I realised that my assumptions were just that, and this group was being offered something they felt was important to them. It did mean going at a slower pace and allowing time to fully understand certain words. But, at the end of the 1st session they showed a huge amount of gratitude some said “I really like this, it’s different, it’s making me think”. I left feeling hopeful for the coming weeks ahead. 

As we progressed through the sessions, I noticed that participants particularly enjoyed thinking about what made them stronger using the tree analogy. For many of them it was the first time they were able to reflect and understand what their root systems were, and what they needed more of to be able to do what they wanted and needed to do effectively. They also began to realise how they could support each other, one lady mentioned “we shouldn’t just wait to be asked for something, but we should check to see if there is a need” which I thought was remarkable. I always learn so much from others when facilitating.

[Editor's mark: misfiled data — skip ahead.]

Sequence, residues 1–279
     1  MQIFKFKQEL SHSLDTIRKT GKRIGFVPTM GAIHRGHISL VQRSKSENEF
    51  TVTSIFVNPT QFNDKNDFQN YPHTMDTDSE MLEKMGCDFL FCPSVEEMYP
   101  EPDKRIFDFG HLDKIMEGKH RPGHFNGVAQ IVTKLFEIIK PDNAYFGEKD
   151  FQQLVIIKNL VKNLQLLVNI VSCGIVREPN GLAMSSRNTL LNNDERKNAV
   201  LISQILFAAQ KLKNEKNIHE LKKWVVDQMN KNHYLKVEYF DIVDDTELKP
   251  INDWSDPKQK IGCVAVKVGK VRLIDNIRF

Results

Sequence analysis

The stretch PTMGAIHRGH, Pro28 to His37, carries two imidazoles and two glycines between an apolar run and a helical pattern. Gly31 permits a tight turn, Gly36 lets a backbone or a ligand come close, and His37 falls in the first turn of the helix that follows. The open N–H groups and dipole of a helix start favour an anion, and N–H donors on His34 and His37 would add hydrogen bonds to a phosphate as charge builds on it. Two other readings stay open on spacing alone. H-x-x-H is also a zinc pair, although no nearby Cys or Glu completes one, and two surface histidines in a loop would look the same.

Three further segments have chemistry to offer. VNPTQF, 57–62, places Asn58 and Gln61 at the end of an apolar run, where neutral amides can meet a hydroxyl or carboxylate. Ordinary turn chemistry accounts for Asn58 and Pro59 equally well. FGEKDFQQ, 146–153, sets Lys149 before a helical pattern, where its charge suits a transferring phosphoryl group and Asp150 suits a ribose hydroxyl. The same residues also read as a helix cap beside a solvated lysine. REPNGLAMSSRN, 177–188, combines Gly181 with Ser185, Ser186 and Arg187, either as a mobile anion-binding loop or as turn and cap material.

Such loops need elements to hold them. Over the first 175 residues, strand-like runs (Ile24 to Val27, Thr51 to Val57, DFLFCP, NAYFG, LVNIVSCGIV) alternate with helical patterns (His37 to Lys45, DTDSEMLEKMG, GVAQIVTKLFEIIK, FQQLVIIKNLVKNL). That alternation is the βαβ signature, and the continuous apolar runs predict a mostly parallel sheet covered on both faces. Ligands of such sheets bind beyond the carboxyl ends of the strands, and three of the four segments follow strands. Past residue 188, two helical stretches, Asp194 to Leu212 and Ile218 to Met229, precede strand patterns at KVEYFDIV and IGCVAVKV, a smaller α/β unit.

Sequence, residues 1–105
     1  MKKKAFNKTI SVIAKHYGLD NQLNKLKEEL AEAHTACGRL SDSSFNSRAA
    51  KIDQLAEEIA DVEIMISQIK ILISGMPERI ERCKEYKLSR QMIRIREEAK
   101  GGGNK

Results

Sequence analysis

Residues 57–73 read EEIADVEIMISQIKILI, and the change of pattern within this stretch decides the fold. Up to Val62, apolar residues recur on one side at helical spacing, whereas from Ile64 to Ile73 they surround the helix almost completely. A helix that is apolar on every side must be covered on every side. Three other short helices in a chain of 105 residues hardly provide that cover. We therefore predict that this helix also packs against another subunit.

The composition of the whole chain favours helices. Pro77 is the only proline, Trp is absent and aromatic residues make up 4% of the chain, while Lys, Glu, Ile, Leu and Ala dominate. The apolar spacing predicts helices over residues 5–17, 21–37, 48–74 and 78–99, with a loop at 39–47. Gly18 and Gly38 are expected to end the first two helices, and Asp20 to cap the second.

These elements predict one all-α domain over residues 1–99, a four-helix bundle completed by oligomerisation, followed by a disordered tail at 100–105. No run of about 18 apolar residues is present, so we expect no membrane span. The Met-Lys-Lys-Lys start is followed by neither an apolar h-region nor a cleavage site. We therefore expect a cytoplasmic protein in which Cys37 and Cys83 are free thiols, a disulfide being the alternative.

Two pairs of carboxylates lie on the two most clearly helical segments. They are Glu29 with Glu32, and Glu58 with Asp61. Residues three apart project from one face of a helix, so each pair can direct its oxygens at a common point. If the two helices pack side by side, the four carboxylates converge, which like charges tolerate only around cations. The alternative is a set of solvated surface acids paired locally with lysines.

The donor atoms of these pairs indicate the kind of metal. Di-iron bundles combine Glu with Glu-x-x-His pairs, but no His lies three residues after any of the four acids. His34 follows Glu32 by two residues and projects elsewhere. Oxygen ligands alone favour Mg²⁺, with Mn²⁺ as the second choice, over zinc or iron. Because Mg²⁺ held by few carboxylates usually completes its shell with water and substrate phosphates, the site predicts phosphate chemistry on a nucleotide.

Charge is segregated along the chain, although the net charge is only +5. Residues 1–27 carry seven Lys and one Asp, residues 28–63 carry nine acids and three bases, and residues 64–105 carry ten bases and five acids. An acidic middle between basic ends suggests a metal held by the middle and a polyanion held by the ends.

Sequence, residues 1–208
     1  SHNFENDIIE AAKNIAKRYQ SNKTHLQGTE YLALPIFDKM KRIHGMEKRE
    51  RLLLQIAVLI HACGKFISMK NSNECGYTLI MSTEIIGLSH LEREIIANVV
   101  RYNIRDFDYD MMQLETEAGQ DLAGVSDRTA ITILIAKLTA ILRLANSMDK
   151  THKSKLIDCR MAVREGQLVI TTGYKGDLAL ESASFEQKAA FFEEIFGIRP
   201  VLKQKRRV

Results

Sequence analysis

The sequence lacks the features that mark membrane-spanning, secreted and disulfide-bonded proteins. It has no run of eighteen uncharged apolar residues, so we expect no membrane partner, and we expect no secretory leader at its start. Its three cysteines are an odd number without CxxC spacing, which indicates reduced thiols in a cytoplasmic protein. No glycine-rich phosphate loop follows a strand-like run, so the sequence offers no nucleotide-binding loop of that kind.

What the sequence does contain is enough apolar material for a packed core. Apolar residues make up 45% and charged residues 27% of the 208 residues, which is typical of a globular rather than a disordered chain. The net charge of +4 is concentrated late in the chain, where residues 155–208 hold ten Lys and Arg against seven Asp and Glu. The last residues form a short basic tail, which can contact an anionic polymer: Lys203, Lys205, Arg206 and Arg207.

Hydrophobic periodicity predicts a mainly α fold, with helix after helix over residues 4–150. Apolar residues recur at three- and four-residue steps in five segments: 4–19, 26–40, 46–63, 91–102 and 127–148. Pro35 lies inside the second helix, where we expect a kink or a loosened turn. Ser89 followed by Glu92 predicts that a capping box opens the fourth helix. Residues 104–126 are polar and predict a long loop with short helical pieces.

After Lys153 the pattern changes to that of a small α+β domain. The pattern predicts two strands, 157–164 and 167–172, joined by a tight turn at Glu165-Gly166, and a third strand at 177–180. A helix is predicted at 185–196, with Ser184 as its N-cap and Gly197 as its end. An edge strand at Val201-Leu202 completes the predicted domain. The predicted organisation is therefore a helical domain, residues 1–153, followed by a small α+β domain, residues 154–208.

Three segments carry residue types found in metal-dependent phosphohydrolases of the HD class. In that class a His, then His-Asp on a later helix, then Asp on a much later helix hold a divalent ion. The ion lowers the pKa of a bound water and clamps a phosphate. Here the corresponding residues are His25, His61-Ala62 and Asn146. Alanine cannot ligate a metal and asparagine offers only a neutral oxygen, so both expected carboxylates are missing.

When going through the Joanna Macy’s the work that reconnects the group were able acknowledge their pain for injustice and what we’re doing to our planet. They were able to relate around their inability to find good work because of language barriers, as well as acknowledging that if we do not do something soon, there will be no jobs and not planet in fact for our children. When they envisioned their ideal futures many of them shared, love, joy, happiness, connected communities of sharing, and family. They began to think about what was possible, they began to believe that they could make a difference and that regardless of how big or small it was, it was still important to do something.